Gay and childless couples are happiest, says new study

Parents struggle to appreciate each other and mums regard their kids as more important than partner

(Image credit: 2008 Getty Images)

THE writer Alice Thomas Ellis once observed: "Men love women. Women love children. Children love hamsters".

The line may sound glib, but a new study of relationships suggests Ellis was right – about men and women at least, if not about furry rodents.

While most men with children who took part in the study named their partner as the most important person in their life, the feeling was not entirely mutual. A significant majority (74.8 per cent) of mothers with children under five chose their offspring as the centre of their world.

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The study of 5,000 people carried out by the Economic and Science Research Council (ESRC), also found that mothers were "significantly happier with life than any other group". It could be inferred, the ESRC says, "that children are the primary source of happiness for women rather than a partner".

Men with kids will find little solace in some of the study's other findings. For example, fathers were more likely to complain of a lack of sexual intimacy in the relationship. Confronted with the statement "my partner wants to have sex more than I do", 40 per cent of mothers agreed or strongly agreed with the sentiment compared with just 10 per cent of fathers.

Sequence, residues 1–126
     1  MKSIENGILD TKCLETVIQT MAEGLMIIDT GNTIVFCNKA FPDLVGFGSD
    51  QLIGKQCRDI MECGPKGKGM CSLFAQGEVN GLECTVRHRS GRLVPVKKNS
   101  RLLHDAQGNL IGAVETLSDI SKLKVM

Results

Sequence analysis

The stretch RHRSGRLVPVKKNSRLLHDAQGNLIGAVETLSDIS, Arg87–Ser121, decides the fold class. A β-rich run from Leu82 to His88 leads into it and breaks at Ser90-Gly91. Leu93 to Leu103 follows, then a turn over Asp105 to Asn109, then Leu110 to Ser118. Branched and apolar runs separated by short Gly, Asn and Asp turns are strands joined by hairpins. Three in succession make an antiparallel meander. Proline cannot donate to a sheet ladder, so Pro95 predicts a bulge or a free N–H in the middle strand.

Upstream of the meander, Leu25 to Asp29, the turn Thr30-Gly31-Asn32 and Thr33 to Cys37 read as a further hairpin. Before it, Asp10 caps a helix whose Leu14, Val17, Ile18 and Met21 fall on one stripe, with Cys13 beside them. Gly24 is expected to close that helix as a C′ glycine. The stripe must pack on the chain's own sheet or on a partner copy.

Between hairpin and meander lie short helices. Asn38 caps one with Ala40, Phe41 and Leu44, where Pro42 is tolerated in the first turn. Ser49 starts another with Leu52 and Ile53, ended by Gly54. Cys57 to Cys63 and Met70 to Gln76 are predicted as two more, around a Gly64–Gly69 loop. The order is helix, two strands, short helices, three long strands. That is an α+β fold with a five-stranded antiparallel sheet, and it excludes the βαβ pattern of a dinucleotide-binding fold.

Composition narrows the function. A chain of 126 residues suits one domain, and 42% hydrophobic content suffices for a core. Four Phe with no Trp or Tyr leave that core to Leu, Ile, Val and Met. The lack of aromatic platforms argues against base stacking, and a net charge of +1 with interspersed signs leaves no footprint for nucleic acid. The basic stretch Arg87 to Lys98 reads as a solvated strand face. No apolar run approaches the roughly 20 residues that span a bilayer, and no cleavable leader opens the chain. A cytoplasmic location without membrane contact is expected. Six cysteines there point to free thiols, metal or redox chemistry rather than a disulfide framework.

So, which group is happiest in their relationships? The short answer: gay couples, couples without children and couples who bring each other cups of tea in bed or cuddle up on the sofa and watch TV.

Gay people tend to be "happier and more positive" about their relationships than heterosexual couples, the study shows. The only caveat is that homosexual couples are less likely to show their affection in public because they still fear disapproval.

An absence of children also contributes to a couple's overall sense of wellbeing and frequent cups of tea – particularly those served in bed by an adoring other half – push the happy needle firmly into the red. The study found that "simple things" like being served a cup of tea in bed or watching TV together, were more "treasured by couples as examples of intimacy" than more grandiose gestures such as saying 'I love you'.

Here are five acts that made people who took part in the survey feel appreciated by their partner:

  • Says thank you and notices my achievements.
  • Buys thoughtful gifts and shows kind gestures – a cup of tea in bed was especially appreciated by mothers.
  • Talks with me and listens.
  • Physical affection, with cuddles and foot massages featuring prominently.
  • Shares the household chores and/or child care.

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